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4041 N. Central Ave., Ste. 1200
Phoenix, AZ 85012

602-506-3866

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TXTS4 Leaders List

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Training Future Leaders

Marlys WeaverStoesz

Are you intentionally training your school’s future leaders to take over for you?

At some point, you will not be in this role.  You will move on.  At every opportunity, are you sharing your knowledge with those who have the potential and desire to be an instructional leader?  

Are you providing smaller leadership experiences with support and feedback so that you aren’t just delegating, but adequately preparing others to do what you are currently doing?  

What about your irreplaceable staff members?  These are the people who, if they quit, might lead you to consider changing jobs.  It is important to explicitly, purposefully share expertise and systems for doing things with those who have the potential to also become irreplaceable.  

Imagine feeling like you could walk away and things would continue to function.  Work toward that end.  Even if you stay, you’ll have more support and a network of talent.

If you have a couple of potential leaders in mind, see if the Aspiring Principals Program is something you would like them to pursue.  The application deadline has been extended to Monday, April 17th

Successful Change

Marlys WeaverStoesz

How do you ensure that a change process on your campus is successful?  For example, say you want to introduce STEM initiatives on your campus.  First, know your culture and create strategies that work for your current culture.  Do most teachers value “I do, We do, You do” gradual release models of teaching rather than inquiry? Do you have a strong union who wants a voice or a few teachers who will try something if it’s for the kids or if you ask personally?  Do you have a culture of teachers who work collaboratively or work on their own?  

You may have heard the quote attributed to Peter Drucker, “Culture Eats Strategy for Breakfast.”  Create or tweak strategies and structures that play into your current culture while providing opportunities to shift the culture by highlighting where you want to go.  Have some key players work to teach a lesson as a gradual release while some teach it as inquiry and investigate the differences.  Use scientific method to study STEM.  What are structures or systems that can also act as symbols for the culture you want to create?  Build, highlight, retain, and make decisions based on the people and systems that embody the culture and vision you want to create.

Improving Teacher Quality

Marlys WeaverStoesz

Put another way, “The quality of an education system cannot exceed the quality of its teachers” (Barber and Mourshed quoted in DuFour & Marzano’s  Leaders of Learning, 2011, p. 16).   One way to improve teacher quality is to increase educators’ capacity to keep growing based on student learning evidence.  Models such as Professional Learning Communities or Data Wise support collective inquiry around student learning, but we often stop with how teachers are using these models.  Do you use collective inquiry to inform your learning and the learning of your leadership team?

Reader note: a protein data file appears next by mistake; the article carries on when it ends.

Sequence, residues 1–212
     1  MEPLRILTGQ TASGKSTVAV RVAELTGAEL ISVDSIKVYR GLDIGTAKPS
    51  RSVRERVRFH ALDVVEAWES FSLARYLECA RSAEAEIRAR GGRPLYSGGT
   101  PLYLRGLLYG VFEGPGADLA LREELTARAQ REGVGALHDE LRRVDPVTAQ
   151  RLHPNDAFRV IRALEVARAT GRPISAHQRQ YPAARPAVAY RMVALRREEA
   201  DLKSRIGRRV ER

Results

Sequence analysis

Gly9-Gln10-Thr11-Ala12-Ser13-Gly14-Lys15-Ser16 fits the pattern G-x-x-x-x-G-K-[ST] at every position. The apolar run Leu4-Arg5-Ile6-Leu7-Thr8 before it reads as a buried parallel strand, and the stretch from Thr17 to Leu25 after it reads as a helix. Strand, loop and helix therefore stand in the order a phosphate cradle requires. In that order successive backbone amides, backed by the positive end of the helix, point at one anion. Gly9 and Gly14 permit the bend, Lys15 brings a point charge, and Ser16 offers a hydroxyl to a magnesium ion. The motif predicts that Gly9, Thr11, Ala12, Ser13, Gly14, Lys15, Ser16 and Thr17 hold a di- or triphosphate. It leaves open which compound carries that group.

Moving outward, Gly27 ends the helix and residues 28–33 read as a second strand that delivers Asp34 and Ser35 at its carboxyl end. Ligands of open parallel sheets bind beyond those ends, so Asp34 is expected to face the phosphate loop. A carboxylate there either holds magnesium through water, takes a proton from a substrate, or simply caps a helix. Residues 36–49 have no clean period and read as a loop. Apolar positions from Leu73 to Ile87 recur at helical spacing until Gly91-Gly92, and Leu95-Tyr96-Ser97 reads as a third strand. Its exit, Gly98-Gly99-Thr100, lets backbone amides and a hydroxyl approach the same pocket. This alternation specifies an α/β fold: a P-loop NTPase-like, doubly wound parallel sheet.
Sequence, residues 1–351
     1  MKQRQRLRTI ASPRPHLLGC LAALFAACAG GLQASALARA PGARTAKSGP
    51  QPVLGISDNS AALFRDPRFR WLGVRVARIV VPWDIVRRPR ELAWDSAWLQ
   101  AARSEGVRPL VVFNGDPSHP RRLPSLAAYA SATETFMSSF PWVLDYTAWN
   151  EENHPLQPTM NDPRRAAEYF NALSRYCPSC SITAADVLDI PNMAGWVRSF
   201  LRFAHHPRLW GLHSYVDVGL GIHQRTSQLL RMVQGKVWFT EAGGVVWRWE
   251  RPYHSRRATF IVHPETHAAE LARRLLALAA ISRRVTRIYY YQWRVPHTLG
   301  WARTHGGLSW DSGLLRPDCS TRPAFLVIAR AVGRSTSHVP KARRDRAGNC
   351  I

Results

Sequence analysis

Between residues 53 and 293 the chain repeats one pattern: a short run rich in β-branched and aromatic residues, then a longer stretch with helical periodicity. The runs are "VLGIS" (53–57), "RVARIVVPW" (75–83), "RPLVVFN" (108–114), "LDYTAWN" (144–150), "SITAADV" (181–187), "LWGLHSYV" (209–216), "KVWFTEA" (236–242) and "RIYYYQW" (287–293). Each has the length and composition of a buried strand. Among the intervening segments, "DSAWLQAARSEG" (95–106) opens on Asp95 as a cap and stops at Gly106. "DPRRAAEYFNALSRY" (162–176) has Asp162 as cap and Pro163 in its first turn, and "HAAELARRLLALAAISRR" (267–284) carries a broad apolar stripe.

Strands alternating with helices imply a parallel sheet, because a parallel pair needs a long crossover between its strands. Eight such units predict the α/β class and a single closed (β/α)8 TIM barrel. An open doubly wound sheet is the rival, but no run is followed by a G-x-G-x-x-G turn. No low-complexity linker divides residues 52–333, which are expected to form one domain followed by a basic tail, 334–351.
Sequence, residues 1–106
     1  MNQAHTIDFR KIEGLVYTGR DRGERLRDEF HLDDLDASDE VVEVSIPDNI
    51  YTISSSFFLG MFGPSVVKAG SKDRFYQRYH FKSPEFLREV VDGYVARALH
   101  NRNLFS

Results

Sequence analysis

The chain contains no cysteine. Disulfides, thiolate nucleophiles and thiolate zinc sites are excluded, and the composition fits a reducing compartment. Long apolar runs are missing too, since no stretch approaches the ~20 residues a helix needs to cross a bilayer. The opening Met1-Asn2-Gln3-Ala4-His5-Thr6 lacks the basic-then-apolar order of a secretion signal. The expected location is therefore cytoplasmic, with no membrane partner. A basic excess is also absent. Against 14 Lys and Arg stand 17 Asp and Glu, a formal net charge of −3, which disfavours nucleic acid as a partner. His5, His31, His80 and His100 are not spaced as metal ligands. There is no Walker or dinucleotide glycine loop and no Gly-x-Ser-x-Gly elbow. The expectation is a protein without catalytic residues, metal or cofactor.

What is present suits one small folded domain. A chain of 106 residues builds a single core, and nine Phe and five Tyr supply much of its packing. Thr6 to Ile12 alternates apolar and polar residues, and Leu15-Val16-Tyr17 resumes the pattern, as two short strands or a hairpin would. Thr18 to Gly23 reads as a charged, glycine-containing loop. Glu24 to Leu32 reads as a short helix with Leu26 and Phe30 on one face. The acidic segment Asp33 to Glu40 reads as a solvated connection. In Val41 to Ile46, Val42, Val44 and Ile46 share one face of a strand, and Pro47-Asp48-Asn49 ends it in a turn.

What student and teacher learning evidence drives your instructional leadership team’s learning?  

Does your instructional leadership team regularly ask, “Who on our team is getting the best results?  How can we learn from each other?  What can we learn as a team to address this need?”

How might you use leadership team meetings to provide professional learning, modeling, and practice for your instructional leaders and coaches?

When you consider your job as the main people-improver on campus, is there support you need to help others grow?  If you are not sure where to start, consider having your team work on its own effectiveness.  Check out the Leading: High Functioning Teams Workshop.

Steps for Productive Conversations

Marlys WeaverStoesz

A school leader’s response to the warning signs he or she observes can ultimately build, or break, the staff culture they envision.

Effective leaders confront warning signs as they come.  Whether from a quick staff survey or by observing staff behavior, once aware there is an issue, taking action is key to ensuring the problem doesn’t spread and weaken your staff culture.  

There are steps you can take to ensure these conversations are productive:

Talk in person. Emails are too easily misread.

Meet in private and with time.  Schedule more time than you think you will need to ensure you have the time and space to have an honest conversation.

Address the issue quickly. It may feel more comfortable to a day or so to prepare what you’ll say, but the quicker the feedback the more likely you’ll be able to address the issue and gain useful feedback in the process.

There is a whole chapter on Staff Culture in the book
Leverage Leadership in which you will find more tips and strategies like these for being intentional as you work to enrich your staff community.

Managing Energy, It's a Renewable Resource

Marlys WeaverStoesz

You can manage your time and yet time is a limited resource.  Concentrate this week on managing your energy and the energy on your campus.  Energy is renewable and there are strategies that can increase energy.   Consider debriefing with a colleague during a quick walk around campus or working on a tough task after a positive experience.  How can you structure mental, physical, spiritual, and emotional energy on your campus to maximize the learning and allow students to truly show what they know during testing?  


For more ideas, see https://hbr.org/2007/10/manage-your-energy-not-your-time